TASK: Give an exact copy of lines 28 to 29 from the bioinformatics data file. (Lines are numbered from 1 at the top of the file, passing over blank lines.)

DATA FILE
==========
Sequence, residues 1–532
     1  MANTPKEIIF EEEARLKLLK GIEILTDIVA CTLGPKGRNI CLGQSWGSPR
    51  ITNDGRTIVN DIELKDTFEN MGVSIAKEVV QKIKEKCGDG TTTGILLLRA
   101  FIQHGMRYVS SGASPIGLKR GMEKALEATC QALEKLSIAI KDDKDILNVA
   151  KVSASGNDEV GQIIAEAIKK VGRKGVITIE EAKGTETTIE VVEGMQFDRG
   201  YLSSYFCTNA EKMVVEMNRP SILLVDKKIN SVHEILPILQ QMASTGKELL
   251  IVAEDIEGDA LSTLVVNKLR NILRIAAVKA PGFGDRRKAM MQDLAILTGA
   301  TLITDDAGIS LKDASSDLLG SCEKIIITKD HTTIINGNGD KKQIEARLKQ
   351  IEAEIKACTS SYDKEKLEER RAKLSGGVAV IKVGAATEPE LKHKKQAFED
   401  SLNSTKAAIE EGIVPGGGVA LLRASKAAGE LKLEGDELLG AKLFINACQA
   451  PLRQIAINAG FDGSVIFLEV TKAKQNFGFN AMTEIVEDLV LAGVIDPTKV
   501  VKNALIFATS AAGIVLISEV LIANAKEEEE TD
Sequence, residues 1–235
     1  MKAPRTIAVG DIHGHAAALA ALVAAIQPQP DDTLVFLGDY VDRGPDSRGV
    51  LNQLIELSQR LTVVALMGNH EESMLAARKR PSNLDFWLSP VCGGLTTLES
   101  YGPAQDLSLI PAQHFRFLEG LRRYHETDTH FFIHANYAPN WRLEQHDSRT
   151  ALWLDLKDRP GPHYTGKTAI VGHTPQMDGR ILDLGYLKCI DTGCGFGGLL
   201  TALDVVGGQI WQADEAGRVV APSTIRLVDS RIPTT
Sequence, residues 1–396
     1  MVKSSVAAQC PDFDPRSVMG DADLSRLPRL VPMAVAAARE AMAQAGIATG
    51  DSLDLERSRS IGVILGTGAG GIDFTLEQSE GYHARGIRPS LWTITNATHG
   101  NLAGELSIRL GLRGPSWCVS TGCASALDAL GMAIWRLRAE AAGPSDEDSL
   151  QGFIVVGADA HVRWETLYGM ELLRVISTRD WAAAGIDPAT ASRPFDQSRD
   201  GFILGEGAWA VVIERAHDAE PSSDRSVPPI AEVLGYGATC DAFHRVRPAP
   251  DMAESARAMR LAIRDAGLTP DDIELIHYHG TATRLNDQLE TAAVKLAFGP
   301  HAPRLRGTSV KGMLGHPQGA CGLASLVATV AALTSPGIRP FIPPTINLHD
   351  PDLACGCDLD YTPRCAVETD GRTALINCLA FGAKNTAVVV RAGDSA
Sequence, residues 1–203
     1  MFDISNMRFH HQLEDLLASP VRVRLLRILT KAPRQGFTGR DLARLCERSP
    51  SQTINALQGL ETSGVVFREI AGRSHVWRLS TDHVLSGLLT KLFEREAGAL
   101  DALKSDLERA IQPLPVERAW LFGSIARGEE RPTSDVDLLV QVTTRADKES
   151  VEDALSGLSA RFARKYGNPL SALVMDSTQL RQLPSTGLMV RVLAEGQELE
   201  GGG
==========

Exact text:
Sequence, residues 1–203
     1  MFDISNMRFH HQLEDLLASP VRVRLLRILT KAPRQGFTGR DLARLCERSP